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“My Family Didn’t Own Slaves”: Argument, or Copout?

I recently was having a complex and sophisticated interaction about race and racism at, of all places, YouTube. One of my interlocutors offered this argument: “none of my ancestors were slave owners (italian family)” . Another on a different site offered this observation: “My great-great grandparents came here from somewhere else, so kindly don’t count ME in with the people that may have oppressed YOUR great-great grandparents.”

Indeed, this seems to be the white national mantra: “I wasn’t alive for slavery.” “My family had no involvement in slavery”. “My ancestors were dirt poor farmers.” It is such an effective standard because of course everyone falls under it. Even direct descendants of slaveowners with access to intergenerational wealth can claim that they weren’t around for slavery. Since many of us (myself included) are descended from immigrants more recent than the end of slavery, and the slaveowners formed a tiny elite, it is a perfect apology.

But it is also a microcosm of everything wrong with the white national narrative about race. The amount of things wrong with this argument is so staggering that saying it should require an instant remedial US History and Government class.

The first mistake it makes is to imply that the only bad thing that has happened to the black community as a whole, institutionally, is slavery. As if blacks as a whole never suffered under Jim Crow, poll taxes, grandfather clauses, restrictions on where they could take a drink or go to the bathroom, lynchings and terror. As if black life trajectories and possibilities weren’t reduced by racial covenants, inability to access Federal Housing Assistance loans (an amount in the TRILLIONS of dollars, or as Tim Wise put it, “more than the outstanding mortgage debt, all the credit card debt, all the savings account assets, all the money in IRA’s and 401k retirement plans, all the annual profits for U.S. manufacturers, and our entire merchandise trade deficit combined.”), rampant employment discrimination, inability to acess GI Bill benefits, and so forth. Many of these injustices are in recent memory, such that there are those alive who remember them and were affected by them. Certainly their immediate descendants continue to feel the loss of these opportunities. So the very claim shows a complete contempt or ignorance for the suffering that blacks went through, as if segregation is not an injustice that deserves to be righted.

It also implies that we do not bear responsibility for what our government and communities are doing right now to virtually every black man and woman, a claim that inspires not only amusement but contempt. I hope I do not have to go into the extensive documentation on institutional racism, nor answer claims varying from “What about the Oprahs?” (yes, what about them? as if individual success stories invalidate an extensive backdrop of evidence) nor “What about the white poor?” (yes, social categories are complex, but to be black and poor is to be worse off on average than to be white and poor, even white poor have a benefit from being white and even the black rich have a disadvantage from being black). Instead, it should be sufficient to say that given the extensive racist treatment and barriers blacks endure in education, employment, treatment by police, selection for prosecution, prison sentences, loans, mortgages, housing, firing, and so on, this claim is a call for whites to ignore their responsibility to terminate currently existing injustice.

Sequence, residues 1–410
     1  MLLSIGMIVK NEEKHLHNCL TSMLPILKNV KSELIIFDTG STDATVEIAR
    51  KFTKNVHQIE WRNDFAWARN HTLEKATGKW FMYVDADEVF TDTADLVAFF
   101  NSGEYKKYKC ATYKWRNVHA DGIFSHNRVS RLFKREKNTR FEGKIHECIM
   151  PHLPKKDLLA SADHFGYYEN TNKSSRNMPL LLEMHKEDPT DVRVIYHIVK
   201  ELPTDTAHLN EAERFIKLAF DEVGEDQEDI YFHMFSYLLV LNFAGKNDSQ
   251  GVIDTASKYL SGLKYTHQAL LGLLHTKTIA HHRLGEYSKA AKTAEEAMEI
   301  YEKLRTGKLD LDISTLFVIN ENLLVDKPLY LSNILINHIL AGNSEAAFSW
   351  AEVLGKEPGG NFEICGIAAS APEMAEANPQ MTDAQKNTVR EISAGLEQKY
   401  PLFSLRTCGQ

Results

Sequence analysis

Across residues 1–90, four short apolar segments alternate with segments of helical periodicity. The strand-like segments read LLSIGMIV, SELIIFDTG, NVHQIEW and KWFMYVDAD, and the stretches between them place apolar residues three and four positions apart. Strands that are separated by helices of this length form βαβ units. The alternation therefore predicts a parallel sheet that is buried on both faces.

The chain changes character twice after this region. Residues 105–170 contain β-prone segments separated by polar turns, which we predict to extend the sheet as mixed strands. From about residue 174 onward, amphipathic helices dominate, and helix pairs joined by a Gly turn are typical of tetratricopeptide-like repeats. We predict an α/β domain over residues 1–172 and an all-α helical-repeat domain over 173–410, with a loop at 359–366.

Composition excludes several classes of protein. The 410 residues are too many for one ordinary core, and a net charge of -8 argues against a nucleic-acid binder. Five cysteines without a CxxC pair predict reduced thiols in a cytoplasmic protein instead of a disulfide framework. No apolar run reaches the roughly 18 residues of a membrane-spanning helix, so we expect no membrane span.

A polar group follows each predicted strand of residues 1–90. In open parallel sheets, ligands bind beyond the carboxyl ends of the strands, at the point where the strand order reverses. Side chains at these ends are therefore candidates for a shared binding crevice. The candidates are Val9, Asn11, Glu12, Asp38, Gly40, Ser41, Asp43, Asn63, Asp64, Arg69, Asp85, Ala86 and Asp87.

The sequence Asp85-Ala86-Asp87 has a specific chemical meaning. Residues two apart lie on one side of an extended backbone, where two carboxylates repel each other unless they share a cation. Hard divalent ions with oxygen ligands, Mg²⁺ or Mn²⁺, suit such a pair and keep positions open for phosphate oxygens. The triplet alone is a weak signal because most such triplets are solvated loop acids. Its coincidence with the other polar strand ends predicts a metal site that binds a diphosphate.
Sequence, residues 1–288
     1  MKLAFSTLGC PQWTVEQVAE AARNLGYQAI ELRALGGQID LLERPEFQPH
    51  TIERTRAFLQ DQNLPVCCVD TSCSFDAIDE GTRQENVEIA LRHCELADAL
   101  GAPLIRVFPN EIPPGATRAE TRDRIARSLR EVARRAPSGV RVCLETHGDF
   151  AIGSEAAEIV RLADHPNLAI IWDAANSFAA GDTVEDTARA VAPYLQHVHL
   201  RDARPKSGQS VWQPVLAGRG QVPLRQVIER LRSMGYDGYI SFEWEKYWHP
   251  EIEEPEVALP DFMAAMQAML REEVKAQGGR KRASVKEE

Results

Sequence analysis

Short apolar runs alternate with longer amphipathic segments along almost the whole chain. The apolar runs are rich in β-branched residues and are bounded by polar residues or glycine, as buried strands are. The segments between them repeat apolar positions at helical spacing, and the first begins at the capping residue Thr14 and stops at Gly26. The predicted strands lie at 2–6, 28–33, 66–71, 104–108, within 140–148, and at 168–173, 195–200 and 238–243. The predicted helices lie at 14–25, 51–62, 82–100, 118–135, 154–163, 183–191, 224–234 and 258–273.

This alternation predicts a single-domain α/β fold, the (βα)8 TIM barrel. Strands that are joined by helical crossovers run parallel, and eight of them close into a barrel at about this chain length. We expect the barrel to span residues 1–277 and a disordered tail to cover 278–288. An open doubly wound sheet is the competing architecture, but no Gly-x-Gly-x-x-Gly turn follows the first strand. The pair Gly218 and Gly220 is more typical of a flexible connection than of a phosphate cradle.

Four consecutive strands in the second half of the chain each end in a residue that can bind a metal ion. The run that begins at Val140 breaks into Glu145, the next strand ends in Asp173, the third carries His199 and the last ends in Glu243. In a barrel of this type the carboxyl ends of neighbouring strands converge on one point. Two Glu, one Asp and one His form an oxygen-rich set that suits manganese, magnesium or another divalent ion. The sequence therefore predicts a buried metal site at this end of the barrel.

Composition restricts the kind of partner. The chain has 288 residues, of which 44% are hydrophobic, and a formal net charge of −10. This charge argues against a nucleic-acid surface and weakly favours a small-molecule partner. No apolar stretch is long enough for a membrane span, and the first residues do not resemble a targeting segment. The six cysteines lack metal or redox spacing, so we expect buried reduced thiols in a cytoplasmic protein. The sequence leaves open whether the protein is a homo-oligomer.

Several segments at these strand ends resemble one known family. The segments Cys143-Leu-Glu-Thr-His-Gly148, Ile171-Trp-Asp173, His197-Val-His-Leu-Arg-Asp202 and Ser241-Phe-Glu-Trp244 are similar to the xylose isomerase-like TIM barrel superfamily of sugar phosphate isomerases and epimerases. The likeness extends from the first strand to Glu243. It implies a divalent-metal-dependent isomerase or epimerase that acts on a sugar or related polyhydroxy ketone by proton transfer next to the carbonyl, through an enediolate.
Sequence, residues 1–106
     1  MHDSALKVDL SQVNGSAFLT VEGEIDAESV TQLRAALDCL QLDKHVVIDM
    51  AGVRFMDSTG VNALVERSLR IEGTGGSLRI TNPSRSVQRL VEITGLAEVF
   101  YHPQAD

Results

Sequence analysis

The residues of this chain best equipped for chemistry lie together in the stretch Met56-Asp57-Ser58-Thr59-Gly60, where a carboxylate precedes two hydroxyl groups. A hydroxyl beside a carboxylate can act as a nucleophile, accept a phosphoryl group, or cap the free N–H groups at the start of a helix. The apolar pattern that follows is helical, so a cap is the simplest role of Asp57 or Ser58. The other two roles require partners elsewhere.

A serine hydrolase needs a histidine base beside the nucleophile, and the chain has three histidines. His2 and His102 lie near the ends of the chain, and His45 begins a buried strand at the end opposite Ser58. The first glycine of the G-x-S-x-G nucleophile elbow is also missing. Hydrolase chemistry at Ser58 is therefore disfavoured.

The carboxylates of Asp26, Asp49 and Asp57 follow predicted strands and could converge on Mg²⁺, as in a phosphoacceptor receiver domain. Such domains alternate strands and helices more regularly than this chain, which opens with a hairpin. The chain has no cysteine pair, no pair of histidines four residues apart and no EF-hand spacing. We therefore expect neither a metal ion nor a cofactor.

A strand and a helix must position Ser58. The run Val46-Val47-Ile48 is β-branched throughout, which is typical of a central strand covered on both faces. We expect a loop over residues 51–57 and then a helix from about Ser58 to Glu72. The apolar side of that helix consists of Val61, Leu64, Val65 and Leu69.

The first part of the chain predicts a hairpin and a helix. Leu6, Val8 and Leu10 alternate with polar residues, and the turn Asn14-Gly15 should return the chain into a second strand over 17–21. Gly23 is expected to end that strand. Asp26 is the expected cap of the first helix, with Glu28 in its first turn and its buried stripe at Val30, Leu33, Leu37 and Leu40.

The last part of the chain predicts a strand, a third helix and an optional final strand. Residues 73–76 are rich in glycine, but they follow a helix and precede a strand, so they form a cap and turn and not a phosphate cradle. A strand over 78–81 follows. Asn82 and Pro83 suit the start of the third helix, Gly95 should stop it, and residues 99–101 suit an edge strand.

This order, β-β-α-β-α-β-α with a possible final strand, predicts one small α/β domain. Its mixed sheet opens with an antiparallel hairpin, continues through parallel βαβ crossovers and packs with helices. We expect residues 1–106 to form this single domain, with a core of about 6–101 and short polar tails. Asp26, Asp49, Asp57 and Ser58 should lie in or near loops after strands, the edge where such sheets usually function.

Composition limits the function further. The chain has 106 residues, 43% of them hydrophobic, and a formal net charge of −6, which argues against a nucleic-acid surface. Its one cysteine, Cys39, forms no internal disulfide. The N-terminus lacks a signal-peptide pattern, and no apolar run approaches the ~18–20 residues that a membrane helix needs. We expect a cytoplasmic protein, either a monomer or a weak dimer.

Third, it obscures the notion of intergenerational wealth and thus intergenerational responsibility. For while only those who owned the slaves directly injured those slaves, everyone from the Founding Fathers to the man on the street to the early capitalists benefitted from the slave’s picking of cotton, rice, sorghum, tobacco and other crops. They also bore both the benefit and the cost of the racial hierarchy enhanced (if not actually created) by those in power to turn poor blacks and poor whites against each other rather than against the rich masters. That wealth continues to this day. There are millions of families living on homes provided almost exclusively to whites under the Homestead Act. The Naturalization Act of 1790 and other laws enabled the very presence of our ancestors by naturalizing whites and giving them rights far beyond people of color. The wealth produced by the South was even instrumental in the Revolution, meaning that slaves are owed part of our very existence as a nation! So while those whose ancestors immigrated after slavery may not have been quite poor, they nonetheless benefitted from slavery and from the existence of other laws occurring under the rubric of the racial caste system.

In line with this, it also ignores institutional and social responsibility. After all, when Volkswagen and other German companies were forced to give reparation to some Jews they had victimized, while it is true that they did not pay to Jews writ large and only paid to living people, they nonetheless had changed as an organization, but the organization owed restitution. The American state owes the same to blacks. And even if it does not, in that sense, it would make sense for social policy to be designed to engineer social equality instead of inequality. In this sense, the “my family wasn’t responsible for slavery” is the racial equivalent of buckpassing on a national level.

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